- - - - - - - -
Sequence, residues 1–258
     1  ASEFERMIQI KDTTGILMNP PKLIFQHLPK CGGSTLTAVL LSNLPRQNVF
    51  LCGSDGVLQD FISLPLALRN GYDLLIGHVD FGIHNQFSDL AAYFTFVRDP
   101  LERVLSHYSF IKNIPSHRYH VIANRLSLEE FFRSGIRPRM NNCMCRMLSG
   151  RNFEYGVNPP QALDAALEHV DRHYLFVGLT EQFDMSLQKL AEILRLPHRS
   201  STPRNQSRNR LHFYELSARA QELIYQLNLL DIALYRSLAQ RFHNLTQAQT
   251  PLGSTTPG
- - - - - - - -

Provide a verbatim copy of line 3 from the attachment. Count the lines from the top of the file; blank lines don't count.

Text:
    51  LCGSDGVLQD FISLPLALRN GYDLLIGHVD FGIHNQFSDL AAYFTFVRDP